What are they? Paul says God’s will is good, pleasing, and perfect (Romans 12:2). This is what sinners must know and live. Human beings have affections; they have a will; and they are rational, but they are also fallen and sin has severely, spiritually, and radically (from the Latin: radix, meaning “root”) depraved them. What man must have is a standard that is good, pleasing, and perfect. That's God’s will in the Bible. Paul says that God’s will is “good.” That’s the most comprehensive term for what human beings ought to do and to be. Christian ethics is unique in that it identifies the good with the revealed will of God (Micah 6:8; Deut. 10:12-13) and calls upon man to seek what is good (Amos 5:14-15; Rom. 12:9; 16:19). We’re also told that this will of God is “pleasing” or “acceptable” (euarestos). I put the Greek word in italic because it is such an important one in the New Testament vocabulary for moral conduct (Compare Heb. 13:20-21).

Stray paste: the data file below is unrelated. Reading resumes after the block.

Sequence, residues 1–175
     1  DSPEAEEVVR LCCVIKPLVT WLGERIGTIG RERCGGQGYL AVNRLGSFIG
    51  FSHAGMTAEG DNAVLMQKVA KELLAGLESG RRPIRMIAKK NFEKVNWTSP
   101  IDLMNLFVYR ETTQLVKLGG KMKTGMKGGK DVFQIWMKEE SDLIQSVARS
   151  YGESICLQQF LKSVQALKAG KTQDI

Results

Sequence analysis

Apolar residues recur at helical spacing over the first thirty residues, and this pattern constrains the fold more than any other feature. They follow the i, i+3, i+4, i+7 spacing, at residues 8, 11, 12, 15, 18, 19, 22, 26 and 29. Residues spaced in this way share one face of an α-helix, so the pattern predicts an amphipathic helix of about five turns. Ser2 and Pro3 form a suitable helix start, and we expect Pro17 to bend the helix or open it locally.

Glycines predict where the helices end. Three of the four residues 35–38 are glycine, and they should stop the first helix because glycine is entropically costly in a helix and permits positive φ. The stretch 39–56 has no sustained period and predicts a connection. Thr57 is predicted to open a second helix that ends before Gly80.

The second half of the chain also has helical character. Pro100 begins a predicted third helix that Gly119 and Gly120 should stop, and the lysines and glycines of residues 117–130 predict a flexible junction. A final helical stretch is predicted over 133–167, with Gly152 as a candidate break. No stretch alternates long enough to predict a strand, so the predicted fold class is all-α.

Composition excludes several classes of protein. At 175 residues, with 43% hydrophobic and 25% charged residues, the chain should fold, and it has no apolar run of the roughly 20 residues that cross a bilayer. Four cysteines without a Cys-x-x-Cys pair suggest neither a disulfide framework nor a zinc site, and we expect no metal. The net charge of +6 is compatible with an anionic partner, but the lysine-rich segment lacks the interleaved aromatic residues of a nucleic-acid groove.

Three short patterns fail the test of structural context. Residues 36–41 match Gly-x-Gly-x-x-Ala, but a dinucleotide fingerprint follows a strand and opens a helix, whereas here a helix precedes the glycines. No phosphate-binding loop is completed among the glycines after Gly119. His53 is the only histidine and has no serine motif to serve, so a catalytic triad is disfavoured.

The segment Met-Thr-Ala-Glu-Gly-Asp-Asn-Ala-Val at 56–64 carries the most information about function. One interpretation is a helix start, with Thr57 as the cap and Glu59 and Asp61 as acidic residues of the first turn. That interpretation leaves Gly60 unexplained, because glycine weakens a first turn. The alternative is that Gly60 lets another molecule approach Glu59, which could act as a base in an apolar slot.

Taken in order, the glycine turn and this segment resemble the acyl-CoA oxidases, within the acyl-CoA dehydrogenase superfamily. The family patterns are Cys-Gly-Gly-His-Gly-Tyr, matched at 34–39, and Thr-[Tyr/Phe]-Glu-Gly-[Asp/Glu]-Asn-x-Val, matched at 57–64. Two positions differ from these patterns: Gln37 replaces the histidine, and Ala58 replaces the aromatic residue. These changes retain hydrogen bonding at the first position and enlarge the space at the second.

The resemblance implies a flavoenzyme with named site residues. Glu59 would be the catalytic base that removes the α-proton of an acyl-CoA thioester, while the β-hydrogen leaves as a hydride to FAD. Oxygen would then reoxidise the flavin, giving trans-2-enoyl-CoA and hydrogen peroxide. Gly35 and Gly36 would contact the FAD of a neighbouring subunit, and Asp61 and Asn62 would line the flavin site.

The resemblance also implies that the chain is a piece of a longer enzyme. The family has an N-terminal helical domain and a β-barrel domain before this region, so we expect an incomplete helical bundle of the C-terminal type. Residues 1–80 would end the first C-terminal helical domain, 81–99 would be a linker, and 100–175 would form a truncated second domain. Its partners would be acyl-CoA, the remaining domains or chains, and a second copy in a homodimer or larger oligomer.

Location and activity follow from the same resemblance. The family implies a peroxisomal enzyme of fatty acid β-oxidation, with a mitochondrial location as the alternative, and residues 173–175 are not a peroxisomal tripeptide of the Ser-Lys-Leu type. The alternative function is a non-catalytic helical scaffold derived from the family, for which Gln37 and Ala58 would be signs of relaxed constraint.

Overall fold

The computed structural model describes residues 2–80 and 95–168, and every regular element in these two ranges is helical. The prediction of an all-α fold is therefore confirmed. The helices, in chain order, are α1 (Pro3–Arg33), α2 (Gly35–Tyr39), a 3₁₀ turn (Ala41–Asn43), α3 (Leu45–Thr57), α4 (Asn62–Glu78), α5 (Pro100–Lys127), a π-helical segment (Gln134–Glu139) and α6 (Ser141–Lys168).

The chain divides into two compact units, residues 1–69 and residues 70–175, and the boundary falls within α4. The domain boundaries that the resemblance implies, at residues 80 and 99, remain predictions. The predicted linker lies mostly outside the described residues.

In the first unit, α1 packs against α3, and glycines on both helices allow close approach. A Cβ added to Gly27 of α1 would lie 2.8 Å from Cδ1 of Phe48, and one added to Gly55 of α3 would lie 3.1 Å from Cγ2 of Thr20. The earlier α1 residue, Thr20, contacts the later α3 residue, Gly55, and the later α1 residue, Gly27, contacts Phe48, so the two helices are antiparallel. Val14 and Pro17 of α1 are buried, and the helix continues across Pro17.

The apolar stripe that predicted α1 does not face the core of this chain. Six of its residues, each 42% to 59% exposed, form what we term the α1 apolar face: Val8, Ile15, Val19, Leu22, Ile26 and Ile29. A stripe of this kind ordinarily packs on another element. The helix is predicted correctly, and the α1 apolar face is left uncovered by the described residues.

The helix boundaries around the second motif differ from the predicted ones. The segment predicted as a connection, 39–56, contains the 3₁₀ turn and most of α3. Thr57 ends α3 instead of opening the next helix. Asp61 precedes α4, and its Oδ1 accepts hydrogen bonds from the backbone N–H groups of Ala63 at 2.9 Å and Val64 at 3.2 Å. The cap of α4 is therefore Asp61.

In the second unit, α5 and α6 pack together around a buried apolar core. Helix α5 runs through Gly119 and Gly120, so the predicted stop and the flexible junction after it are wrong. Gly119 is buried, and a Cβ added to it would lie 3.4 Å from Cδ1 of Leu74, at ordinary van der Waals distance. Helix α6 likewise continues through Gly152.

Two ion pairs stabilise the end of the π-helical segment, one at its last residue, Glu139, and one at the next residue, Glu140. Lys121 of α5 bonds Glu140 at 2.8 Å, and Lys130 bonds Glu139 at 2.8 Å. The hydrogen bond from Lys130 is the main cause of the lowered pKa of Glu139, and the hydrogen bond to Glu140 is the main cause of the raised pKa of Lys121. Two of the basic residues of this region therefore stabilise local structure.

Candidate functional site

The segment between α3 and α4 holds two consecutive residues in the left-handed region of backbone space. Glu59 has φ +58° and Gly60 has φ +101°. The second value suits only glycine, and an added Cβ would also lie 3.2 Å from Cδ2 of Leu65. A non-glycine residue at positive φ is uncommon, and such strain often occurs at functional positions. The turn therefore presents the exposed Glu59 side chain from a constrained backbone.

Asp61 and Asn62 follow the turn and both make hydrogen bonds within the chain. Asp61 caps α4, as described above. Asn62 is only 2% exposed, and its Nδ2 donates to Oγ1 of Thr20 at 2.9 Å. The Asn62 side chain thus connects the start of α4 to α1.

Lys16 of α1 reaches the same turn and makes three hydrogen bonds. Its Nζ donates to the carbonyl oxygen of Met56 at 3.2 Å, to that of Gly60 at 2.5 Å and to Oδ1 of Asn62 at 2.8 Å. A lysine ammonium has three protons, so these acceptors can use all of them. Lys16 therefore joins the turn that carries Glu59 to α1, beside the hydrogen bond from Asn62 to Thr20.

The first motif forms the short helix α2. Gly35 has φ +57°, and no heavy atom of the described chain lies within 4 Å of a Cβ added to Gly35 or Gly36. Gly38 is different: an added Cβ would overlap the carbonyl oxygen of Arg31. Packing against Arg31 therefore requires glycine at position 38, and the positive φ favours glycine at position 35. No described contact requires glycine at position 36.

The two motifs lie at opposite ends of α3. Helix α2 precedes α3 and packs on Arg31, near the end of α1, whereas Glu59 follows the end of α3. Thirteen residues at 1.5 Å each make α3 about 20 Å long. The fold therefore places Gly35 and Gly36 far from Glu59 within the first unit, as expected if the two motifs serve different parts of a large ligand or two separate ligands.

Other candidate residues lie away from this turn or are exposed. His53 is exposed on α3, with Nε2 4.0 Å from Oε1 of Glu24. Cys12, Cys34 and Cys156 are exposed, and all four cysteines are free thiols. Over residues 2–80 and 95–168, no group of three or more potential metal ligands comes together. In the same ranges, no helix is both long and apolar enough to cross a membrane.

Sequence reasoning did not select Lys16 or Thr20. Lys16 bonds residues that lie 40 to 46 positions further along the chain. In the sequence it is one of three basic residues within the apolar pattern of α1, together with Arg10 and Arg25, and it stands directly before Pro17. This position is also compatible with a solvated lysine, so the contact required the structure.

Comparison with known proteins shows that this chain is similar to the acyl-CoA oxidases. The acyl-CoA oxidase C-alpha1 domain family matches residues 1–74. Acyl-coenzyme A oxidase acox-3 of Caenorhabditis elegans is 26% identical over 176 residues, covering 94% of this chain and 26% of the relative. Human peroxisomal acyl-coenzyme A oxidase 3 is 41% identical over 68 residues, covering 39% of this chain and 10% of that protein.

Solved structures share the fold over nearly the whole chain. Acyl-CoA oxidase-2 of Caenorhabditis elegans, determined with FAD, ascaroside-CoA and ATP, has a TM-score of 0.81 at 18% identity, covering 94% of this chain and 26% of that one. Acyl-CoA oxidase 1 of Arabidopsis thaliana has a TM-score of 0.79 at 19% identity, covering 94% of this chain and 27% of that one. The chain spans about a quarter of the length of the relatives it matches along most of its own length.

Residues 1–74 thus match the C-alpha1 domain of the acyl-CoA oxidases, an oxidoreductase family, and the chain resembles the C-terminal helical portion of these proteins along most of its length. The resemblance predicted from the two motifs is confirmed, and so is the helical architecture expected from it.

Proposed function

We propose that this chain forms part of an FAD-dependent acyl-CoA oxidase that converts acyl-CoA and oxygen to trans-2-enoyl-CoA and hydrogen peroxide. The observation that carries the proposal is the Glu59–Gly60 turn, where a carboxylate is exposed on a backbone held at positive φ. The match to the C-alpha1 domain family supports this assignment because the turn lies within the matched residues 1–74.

What is indispensable in man’s ethical decision-making is receiving God’s approval and not doing what is “good in our own eyes” (Ex. 15:26; Deut. 12:28; 1 Kings 11:38). Mankind is not called upon to conform to some impersonal command or whatever he might think is right or wrong. He is commanded to conform to the pleasing will of the Creator. Paul concludes his comments by telling us that God’s will is also “perfect.” That is, God’s will is “complete.” (Compare Matt. 5:48).